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I’ll always remember the summer before fifth grade with fondness. It was the year my parents allowed me to attend sleep-away horse camp. It was a weeklong stay on a big ranch in the North Georgia mountains, and I was assigned a big, chestnut Quarter Horse mare.

Looking back now, the horse was probably a little much for my abilities at the time. I had had a few years of formal lessons, but I didn’t yet have the leg strength to push her forward and keep her at a trot. She embodied the sass that the horse world associates with chestnut mares, and when she got tired of my flyweight self squeezing futilely away at her hefty barrel as I tried to get her out of the walk, she’d just lift her front legs off the ground ever so slightly and nonchalantly deposit me onto the arena sand before ambling off.

Yet, despite the recalcitrance of my equine partner, I still look back at that week as one of the most fun experiences of my childhood. It was the first time I got to spend that much uninterrupted time around horses, and it helped grow my interest to a passion that has persisted through the years. Later camps at another farm allowed me to make great strides in my horsekeeping abilities and to ride horses I probably wouldn’t have gotten to sit on otherwise. Now, it’s my turn to shepherd the next generation of horse crazy kids through camp, and the prep work for making it an experience from which I can say I sent everyone home safe, happy, dirty, tired and horsed out begins early.

I’ve already fielded messages from enthusiastic parents who want to give their children the gift of horses. Equines are expensive. They literally never stop eating, and routine farrier and vet costs add up quickly. And that’s during a good year when there are no emergency vet calls or surgeries. Therefore, the horse camp price tag is a little higher than some parents are used to paying for summer experiences. So, of course, I am feeling the pressure (from myself, as usual) to make this year’s crafts and horsekeeping activities the best they’ve ever been and to come up with fun rides that will allow riders of all levels to progress significantly in one week. And I’m planning to do all this while fulfilling my ultimate responsibility, which is to keep riders (most of them novice) and horses safe and relatively comfortable in the summer heat. It’s a lot to think about.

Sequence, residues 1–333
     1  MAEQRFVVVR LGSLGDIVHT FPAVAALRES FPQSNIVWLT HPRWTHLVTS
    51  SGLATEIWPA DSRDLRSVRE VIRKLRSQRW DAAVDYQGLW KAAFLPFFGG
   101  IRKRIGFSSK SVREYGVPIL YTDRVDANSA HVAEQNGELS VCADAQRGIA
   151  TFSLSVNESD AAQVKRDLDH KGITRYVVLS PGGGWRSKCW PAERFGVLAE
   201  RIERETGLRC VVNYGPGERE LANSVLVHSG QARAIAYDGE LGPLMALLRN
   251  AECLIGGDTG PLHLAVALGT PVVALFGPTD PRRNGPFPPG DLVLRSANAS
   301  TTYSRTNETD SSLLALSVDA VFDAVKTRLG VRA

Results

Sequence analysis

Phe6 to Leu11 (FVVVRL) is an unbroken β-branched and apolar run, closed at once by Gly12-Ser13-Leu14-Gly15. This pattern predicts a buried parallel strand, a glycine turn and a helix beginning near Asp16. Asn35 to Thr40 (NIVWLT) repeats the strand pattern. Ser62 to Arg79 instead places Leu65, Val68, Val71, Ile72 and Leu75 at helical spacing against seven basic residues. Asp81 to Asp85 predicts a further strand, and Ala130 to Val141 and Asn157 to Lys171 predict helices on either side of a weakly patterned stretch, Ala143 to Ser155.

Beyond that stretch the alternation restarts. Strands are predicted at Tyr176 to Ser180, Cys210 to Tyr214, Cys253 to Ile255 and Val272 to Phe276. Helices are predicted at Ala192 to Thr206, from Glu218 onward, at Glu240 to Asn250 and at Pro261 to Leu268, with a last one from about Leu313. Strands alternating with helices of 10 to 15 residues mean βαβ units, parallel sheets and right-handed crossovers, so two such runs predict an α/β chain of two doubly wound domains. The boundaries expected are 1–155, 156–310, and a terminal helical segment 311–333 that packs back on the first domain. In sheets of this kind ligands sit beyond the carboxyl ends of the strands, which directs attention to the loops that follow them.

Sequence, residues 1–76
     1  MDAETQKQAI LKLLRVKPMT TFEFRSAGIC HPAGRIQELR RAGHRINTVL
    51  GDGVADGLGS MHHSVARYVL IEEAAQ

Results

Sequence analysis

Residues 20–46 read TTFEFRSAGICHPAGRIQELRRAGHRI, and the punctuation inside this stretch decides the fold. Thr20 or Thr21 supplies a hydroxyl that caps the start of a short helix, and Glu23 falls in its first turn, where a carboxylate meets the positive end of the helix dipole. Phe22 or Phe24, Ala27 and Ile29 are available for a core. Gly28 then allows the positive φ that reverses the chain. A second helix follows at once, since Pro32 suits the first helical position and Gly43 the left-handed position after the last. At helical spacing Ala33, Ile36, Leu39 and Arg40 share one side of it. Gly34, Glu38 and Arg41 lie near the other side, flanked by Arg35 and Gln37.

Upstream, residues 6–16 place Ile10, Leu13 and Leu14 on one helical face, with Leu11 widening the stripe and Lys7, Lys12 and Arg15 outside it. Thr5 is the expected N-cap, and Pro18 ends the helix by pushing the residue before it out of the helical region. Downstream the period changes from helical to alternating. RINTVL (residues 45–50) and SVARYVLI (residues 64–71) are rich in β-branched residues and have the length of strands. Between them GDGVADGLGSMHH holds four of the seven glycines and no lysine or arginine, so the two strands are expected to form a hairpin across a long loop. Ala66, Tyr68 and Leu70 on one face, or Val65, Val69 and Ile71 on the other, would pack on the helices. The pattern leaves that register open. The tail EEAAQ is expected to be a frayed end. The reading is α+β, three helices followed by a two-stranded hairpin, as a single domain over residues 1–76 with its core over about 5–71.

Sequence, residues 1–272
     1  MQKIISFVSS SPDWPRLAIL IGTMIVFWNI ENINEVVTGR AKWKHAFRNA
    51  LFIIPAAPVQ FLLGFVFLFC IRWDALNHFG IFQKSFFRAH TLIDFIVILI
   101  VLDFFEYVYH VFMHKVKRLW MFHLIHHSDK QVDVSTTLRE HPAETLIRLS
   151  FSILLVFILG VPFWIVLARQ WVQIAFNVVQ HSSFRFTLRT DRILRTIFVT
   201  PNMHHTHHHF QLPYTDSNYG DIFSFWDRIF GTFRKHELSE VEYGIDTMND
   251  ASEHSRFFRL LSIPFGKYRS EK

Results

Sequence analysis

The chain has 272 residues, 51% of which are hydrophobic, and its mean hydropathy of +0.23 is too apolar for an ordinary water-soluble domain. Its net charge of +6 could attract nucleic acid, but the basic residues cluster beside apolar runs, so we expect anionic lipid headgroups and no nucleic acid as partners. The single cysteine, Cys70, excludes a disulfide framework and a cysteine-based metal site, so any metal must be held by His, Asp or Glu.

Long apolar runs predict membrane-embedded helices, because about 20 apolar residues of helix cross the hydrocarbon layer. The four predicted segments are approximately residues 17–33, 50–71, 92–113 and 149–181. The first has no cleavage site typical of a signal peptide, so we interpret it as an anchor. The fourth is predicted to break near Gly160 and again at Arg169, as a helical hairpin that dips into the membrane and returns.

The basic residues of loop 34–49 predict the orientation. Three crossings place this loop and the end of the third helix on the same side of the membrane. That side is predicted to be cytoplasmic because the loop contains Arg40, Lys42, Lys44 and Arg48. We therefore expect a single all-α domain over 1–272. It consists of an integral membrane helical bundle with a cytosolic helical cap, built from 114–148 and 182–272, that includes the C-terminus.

In fact, the approach to horse camp kind of feels like the second half of “Lord of the Rings: The Fellowship of the Ring” when the Fellowship accidentally awakens the orcs in the Mines of Moria. The distant drums begin echoing up through the deep, and the Fellowship collectively flees through arched hallways only to discover they are surrounded by small but relentlessly energetic beings running beside them and climbing the massive support columns. And these beings can and will overpower the Fellowship if given half a chance. The only way out of the situation, the travelers find, is through it.

And while I’m certainly not likening my camp visitors to orcs, and I’m very much looking forward to having them here, I am saying there are a lot of them, and they will take over if I don’t maintain order and most of them seem to enjoy climbing. Since my main priority is safety when I have young people at the farm, I find myself intoning things like “Don’t climb on that pile of lumber!” and “Don’t climb on the hay!” and “Don’t climb on the trailer hitch!”

And perhaps the most common warning is “Stay out of the kick zone!”

While it would be unlikely that any of my trusted camp steeds would actually kick a person, campers do need to be aware that horses are livestock animals and they must always stay at a safe distance from the powerful back legs. Said steeds are usually dozing in the crossties, flicking their tails idly at flies when I’m lecturing about the kick zone, but I do apparently strike a healthy fear in my human charges as they often screech at me about the risks if I walk anywhere past a horse’s shoulder during a demonstration.

And that’s what horse camp is all about — a structured introduction to the equine world that children can build on afterward if they so choose. And I have to say, once the anxiety of balancing children and livestock wears off, I have a blast recreating some of my own camp experiences for the next generation and inventing new ways to enjoy horses with them. More than one camper has asked to live here at the farm after the camp horse show is over and children are climbing into cars for the last time. I’ve had to turn them all down, because, well, their parents want them back and I really wasn’t planning to use horse camp to expand my family.

So, as I head into horse camp season, despite the Moria drums, I am once again focusing on my ultimate goals: safe, happy, dirty, tired and horsed out!

Elizabeth Crumbly is a newspaper veteran and freelance writer. She lives in rural Northwest Georgia where she teaches riding lessons, writes and raises her family. She is a former editor of The Catoosa County News. You can correspond with her at www.collective-ink.com.

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